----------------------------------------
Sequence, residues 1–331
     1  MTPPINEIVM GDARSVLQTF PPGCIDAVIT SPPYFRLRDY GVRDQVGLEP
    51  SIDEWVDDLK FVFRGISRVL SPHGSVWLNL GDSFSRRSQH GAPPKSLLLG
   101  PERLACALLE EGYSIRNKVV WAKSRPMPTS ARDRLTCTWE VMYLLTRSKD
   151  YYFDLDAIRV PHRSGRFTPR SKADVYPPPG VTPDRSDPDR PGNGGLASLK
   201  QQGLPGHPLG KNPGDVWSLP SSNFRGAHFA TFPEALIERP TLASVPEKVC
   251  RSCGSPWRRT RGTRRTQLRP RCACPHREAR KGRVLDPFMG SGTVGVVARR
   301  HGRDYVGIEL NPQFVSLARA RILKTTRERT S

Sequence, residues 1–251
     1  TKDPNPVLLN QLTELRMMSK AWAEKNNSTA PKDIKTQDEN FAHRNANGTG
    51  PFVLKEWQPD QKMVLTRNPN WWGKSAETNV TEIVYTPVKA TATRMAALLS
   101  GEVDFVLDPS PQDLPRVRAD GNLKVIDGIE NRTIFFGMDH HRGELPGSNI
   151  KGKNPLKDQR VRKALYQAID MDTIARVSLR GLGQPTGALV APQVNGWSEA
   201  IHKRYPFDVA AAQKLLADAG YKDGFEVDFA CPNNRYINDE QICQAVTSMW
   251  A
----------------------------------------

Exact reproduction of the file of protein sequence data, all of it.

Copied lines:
Sequence, residues 1–331
     1  MTPPINEIVM GDARSVLQTF PPGCIDAVIT SPPYFRLRDY GVRDQVGLEP
    51  SIDEWVDDLK FVFRGISRVL SPHGSVWLNL GDSFSRRSQH GAPPKSLLLG
   101  PERLACALLE EGYSIRNKVV WAKSRPMPTS ARDRLTCTWE VMYLLTRSKD
   151  YYFDLDAIRV PHRSGRFTPR SKADVYPPPG VTPDRSDPDR PGNGGLASLK
   201  QQGLPGHPLG KNPGDVWSLP SSNFRGAHFA TFPEALIERP TLASVPEKVC
   251  RSCGSPWRRT RGTRRTQLRP RCACPHREAR KGRVLDPFMG SGTVGVVARR
   301  HGRDYVGIEL NPQFVSLARA RILKTTRERT S

Sequence, residues 1–251
     1  TKDPNPVLLN QLTELRMMSK AWAEKNNSTA PKDIKTQDEN FAHRNANGTG
    51  PFVLKEWQPD QKMVLTRNPN WWGKSAETNV TEIVYTPVKA TATRMAALLS
   101  GEVDFVLDPS PQDLPRVRAD GNLKVIDGIE NRTIFFGMDH HRGELPGSNI
   151  KGKNPLKDQR VRKALYQAID MDTIARVSLR GLGQPTGALV APQVNGWSEA
   201  IHKRYPFDVA AAQKLLADAG YKDGFEVDFA CPNNRYINDE QICQAVTSMW
   251  A